427 U.S. at 112-113, 96 S. Ct. at 2401-2402.

Agurs did not involve the destruction of evidence, but its analysis might be of aid here if the record showed what, if anything, the tape would have disclosed. There is nothing to indicate if the tape would have added anything to the proceedings either for or against the defendant.

State v. Petterson, 780 S.W.2d 675 (Mo. App.1989), involved a charge of driving while intoxicated. Following defendant's arrest, his interrogation was recorded on tape. A highway patrolman testified that the tape was handed over to the former county prosecutor and after an effort to locate it prior to trial, it was presumed lost. The court found no denial of due process, noting that without a showing of bad faith it would "not attempt to determine the exculpatory merit of such evidence." Id. at 679. See also State v. Hamilton, 791 S.W.2d 789, 799 (Mo.App.1990) (no "bad faith" shown as "there was no evidence the state intentionally failed to preserve" a semen stain).

Bad faith is not defined in Youngblood, Petterson, or Hamilton. Hamilton requires that the state act intentionally but does not reach whether law enforcement personnel must know the evidence would help the defendant. Respondent argues that "bad faith" requires the evidence to be destroyed, knowing it would hamper the prosecution's case or aid the defense. See State v. Belle, 215 Conn. 257, 576 A.2d 139, 143-147 (1990).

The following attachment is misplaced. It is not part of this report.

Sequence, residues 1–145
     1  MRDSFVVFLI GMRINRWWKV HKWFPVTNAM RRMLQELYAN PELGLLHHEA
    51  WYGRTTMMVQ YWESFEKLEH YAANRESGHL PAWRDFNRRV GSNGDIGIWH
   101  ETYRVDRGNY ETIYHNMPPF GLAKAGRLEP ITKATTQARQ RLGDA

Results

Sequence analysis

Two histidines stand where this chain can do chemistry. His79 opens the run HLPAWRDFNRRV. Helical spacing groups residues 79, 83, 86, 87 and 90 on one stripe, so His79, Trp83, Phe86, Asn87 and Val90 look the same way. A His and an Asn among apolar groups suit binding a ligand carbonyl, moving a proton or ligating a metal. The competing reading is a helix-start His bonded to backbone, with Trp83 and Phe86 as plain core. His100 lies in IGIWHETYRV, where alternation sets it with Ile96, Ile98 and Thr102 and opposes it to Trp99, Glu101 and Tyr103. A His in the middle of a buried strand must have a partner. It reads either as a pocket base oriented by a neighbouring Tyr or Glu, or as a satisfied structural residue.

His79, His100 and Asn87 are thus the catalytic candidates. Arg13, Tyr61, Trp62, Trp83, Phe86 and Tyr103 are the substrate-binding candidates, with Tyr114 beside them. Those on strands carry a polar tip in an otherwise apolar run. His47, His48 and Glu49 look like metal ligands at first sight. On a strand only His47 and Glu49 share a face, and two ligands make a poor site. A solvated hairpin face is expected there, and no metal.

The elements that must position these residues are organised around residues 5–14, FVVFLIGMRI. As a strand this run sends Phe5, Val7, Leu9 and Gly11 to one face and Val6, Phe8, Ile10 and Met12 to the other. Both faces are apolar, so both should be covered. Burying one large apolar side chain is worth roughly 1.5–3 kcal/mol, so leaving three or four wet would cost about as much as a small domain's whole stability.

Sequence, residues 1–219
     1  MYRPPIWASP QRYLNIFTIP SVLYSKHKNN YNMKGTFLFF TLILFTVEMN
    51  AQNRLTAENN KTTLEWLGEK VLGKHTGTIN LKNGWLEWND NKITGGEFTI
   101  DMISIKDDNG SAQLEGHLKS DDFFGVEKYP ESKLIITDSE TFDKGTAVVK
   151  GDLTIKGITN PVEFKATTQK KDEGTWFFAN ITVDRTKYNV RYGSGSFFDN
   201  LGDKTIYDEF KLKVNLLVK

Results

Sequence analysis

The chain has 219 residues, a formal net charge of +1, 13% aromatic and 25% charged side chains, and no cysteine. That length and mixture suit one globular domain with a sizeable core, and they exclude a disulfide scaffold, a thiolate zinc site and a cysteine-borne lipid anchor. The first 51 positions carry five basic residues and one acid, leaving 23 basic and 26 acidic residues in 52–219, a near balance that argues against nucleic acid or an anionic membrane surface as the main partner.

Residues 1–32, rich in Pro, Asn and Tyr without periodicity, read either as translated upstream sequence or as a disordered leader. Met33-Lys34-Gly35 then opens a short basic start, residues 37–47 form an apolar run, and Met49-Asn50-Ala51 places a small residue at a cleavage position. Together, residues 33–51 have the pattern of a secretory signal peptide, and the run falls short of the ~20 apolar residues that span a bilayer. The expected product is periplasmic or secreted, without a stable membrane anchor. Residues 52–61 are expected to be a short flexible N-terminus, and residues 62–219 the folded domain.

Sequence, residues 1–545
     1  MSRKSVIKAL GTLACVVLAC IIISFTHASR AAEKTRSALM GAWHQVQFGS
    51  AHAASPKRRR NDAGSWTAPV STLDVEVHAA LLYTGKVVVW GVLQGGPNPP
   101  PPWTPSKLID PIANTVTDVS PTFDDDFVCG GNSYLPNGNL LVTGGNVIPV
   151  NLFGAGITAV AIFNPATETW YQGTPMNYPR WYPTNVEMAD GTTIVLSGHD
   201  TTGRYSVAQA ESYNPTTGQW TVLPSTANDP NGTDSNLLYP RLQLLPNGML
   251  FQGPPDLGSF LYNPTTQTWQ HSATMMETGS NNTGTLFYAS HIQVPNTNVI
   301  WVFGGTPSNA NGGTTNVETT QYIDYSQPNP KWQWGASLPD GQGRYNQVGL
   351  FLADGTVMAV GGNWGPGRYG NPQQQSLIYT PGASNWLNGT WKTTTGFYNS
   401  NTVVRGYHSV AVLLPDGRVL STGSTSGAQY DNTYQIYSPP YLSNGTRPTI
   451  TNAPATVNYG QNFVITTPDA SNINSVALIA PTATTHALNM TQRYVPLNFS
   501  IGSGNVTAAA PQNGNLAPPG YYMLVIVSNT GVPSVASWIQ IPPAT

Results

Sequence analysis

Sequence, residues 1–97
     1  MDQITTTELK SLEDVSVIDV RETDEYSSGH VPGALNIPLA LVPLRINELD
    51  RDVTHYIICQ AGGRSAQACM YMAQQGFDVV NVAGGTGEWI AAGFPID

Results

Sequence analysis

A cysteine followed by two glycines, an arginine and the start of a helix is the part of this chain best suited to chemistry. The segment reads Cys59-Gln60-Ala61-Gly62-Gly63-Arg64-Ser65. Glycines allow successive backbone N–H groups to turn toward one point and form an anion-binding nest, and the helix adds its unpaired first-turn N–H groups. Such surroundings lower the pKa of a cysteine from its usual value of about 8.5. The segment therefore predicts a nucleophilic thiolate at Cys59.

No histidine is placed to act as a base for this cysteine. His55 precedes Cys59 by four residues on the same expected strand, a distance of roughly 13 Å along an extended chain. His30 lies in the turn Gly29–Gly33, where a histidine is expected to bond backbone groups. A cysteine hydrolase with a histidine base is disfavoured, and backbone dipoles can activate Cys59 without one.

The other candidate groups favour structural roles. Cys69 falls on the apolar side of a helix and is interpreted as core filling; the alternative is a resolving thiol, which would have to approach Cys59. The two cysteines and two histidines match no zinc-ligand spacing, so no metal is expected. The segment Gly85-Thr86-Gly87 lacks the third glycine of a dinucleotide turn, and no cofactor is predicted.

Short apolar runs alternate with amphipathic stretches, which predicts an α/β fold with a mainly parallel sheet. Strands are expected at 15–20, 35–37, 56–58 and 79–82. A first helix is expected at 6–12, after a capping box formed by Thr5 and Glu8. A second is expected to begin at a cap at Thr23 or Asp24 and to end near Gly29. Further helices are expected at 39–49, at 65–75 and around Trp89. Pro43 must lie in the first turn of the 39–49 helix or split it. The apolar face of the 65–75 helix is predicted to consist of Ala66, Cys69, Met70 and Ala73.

Tapes of a hypnotic interview were destroyed pursuant to the police's "departmental practice" in State v. Little, 674 S.W.2d 541 (Mo. banc 1984). The court stated that the United States Supreme Court:

recently held that the constitutional duty of the states to preserve evidence is limited to evidence that might be expected to play a role in the suspect's defense. The evidence must possess an exculpatory value that was apparent before it was destroyed, and must also be of such a nature that the defendant would be unable to obtain comparable evidence by other reasonably available means. See California v. Trombetta, [467] U.S. [479], 104 S. Ct. 2528, 81 L. Ed. 2d 413 (1984).

Little, 674 S.W.2d at 543 n. 3.

Little noted that at the time the tapes were made there were no suspects and although "it would be better for all and would induce greater confidence in the system of justice if the tapes are preserved.... No rule of law, however, provides for automatic sanction simply because of the destruction of data which might assist in the evaluation of evidence, when there is no intimation of ulterior motive." Id. at 543.